Leonard Cohen has impeccable taste. About NEeMA, he's been quoted as saying, "In the midst of all the static, a voice of true feeling arises - a rare event." Certainly this is what piqued my interest in this singer/songwriter. And for that (as for many things) I am thankful to Leonard Cohen. Watching You Think is a wonderful album, full of beauty and passion and excellent lyrics.
Leonard Cohen also helped produce this CD, and provided the marvelous artwork for the cover. Included in the lower right corner is the symbol of the order of the unified heart, also seen on the cover of his 2004 release, Dear Heather. His daughter Lorca provided the photographs of NEeMA for the album's liner notes.
Watching You Think opens with "Unspoken." The first thing that hits you is the bass - this is some wonderful work by Miles Perkin. And then almost immediately it's NEeMA's voice, equal parts ethereal and earthly. On top of that, there is this wonderful groove that seems to come from some eastern European land from some time past, which is fitting for the opening line, "a long time ago in a land far away."
"Unspoken" is a strange sort of love song. I love the odd detail, like "they shared a tangerine on their first date." And the song ends with the bass.
"Romeo And Juliet"
The only cover song on this album is "Romeo And Juliet," written by Mark Knopfler. This has always been one of my favorite Shakespearean-themed songs, and NEeMA does a great job with it. Her singing is fairly faithful to the original, even approaching a spoken word style at moments, like on the line, "we both come up on different streets." Interestingly, she sings, "Julie, Julie" instead of "Juliet."
"Romeo And Juliet" was originally included on the 1980 Dire Straits album Making Movies.
NEeMA's voice at moments throughout the CD reminds me of Melanie (think of Melanie's great cover of "Ruby Tuesday" rather than, say, "Look What They've Done To My Song, Ma"), but particularly on "Unwinding." "Unwinding" is a sweet and beautiful song. For a song about letting go, this song seems to cradle the listener in its arms. It makes a safe place in the universe for the listener to dwell.
"Escape" reminds me of Edie Brickell & The New Bohemians, but with a 1960s pop rhythm. This song features nice touches by Bob Stagg on trumpet. This song's lyrics mention Montreal in the lines, "It's a foggy night in the streets of Montreal/i'm walking beside me and watching myself fall/soon i'll be spiraling/i'm losing ground again."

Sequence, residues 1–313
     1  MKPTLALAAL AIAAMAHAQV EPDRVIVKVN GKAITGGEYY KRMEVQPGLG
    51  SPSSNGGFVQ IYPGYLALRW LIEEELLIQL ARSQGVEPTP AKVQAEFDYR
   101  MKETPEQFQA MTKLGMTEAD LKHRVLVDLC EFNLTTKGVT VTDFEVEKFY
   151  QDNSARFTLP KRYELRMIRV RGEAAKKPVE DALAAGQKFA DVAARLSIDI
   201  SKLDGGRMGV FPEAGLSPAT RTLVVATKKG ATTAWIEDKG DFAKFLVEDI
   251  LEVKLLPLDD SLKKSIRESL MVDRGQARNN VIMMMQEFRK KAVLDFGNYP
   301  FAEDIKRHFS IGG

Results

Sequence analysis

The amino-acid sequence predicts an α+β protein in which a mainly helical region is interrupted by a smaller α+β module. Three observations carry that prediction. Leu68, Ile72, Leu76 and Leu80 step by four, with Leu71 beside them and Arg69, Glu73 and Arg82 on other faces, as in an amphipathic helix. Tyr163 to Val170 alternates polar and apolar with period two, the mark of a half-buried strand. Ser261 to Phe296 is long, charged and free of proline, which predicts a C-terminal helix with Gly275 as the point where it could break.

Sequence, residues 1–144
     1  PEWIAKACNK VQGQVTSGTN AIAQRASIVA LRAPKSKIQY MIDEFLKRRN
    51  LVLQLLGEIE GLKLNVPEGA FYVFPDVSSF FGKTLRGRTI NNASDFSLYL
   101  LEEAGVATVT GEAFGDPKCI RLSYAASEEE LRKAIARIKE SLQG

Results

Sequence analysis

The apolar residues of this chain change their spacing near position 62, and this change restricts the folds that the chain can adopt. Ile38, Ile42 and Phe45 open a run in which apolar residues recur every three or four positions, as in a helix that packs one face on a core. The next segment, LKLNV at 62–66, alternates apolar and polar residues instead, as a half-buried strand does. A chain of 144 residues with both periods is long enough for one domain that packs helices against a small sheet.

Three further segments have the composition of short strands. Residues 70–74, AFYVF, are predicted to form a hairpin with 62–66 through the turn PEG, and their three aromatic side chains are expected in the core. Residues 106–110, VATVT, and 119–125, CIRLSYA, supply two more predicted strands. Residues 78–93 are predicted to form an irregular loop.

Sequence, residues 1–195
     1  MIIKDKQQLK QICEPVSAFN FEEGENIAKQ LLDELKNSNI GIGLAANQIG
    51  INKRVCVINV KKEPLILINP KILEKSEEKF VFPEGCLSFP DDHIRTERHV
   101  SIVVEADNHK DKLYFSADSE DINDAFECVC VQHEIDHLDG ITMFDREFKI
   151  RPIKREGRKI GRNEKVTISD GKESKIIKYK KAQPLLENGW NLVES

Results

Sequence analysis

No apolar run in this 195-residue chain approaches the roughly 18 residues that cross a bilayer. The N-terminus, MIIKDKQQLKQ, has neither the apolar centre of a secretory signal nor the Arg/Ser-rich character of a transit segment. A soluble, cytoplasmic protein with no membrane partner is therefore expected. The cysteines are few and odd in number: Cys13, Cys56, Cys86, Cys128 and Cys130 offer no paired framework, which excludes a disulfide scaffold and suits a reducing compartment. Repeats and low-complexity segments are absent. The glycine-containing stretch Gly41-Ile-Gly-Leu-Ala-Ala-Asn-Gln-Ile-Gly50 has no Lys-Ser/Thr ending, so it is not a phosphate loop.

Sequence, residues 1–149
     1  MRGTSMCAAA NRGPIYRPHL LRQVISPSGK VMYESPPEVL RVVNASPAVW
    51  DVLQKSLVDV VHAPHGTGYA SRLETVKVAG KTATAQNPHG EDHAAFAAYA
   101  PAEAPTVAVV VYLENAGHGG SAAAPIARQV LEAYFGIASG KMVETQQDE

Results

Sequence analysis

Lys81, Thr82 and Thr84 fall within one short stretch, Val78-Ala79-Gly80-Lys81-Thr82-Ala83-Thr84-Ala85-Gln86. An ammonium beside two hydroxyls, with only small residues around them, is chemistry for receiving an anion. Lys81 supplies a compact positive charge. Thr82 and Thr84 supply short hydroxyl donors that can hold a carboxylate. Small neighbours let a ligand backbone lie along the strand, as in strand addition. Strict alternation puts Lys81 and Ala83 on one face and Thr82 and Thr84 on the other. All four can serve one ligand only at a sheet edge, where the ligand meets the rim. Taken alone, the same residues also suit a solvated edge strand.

"Stay" is another sweet and catchy folk song. Check out these lyrics: "i want to slide inside your home/like a caterpillar about to transform/and take up lots of room." This song also features wonderful backing vocals by Angela Desveaux. Their voices blend beautifully together.
"Sidewalk" is one of my favorite songs from this CD, mostly because of the lyrics. It begins, "the sidewalk's cracked/the streets are old/these structures cannot last/we're clinging on to a world/that's already of the past." And I love these lines: "i tried to walk away from you/the traffic lights were red/i couldn't get myself to go/so i made you leave instead." This song is sad and gorgeous.
"Lost In LA"
"Lost In LA" is a song a lot of us can personally relate to, about trying to keep the dream of Los Angeles alive. Or pretending that it is still alive, as she sings, "we dig deeper we drill harder/we pretend it ain't getting darker/that the horizon isn't poisoned/and we're still living in the garden."
This is a wonderful song. There are many songs about Los Angeles, and many on this theme of losing our way once we get here. But this one seems more successful than most at hitting exactly the right emotional chords. And choosing perfect similies and metaphors - "you be the junkie/i'll be the hit."
"Bone To Pick With Time"
"Bone To Pick With Time" might be this album's best song. It got to me immediately. It's a wonderful and beautiful song about the transitory nature of existence. Here is a taste of the lyrics: "we've a very little window to do what we must do/write a song, bear a child, fall in love with you." Listening to this one alone late at night will likely bring tears to your eyes.
"Jealousy" is the most unusual-sounding song of the album. Odd tunings, some dark tones and a dog's howl all work to almost unnerve the listener.
This CD concludes with "Elsa's Lullabye," a sweet love song to her dog. (There is a photo of Elsa on the back of the liner notes.)
CD Track List
- Romeo And Juliet
- Lost In LA
- Bone To Pick With Time
- Elsa's Lullabye
Musicians on this album include NEeMA on lead vocals and guitar; Joe Grass on guitar, dobro and whistle; Miles Perkin on bass; Fred Bouchard on drums, tambourine and backing vocals; Emilie Rabaraona on violin; Catherine le Saulnier on cello; Gurpreet Chana on tabla and percussion; Bob Stagg on Hammond B3, Wurlitzer, trumpet, piano and bass; Angela Desveaux on backing vocals; Simon Godin on guitar and mandolin; Alexis Martin on drums; Paula Toledo on backing vocals; Francois Turgeon on bass; Anni Lawrence on cello; Pascal Shefteshy on guitar; Tim Kingsburry on guitar and bass; Rob MacDonald on guitar; Thom Gossage on drums; and Sarah Page on harp.
Watching You Think was released on March 1, 2011 in the United States (it had been released in 2010 in Canada). This is NEeMA's second album. Her first, Masi Cho, was released in 2007.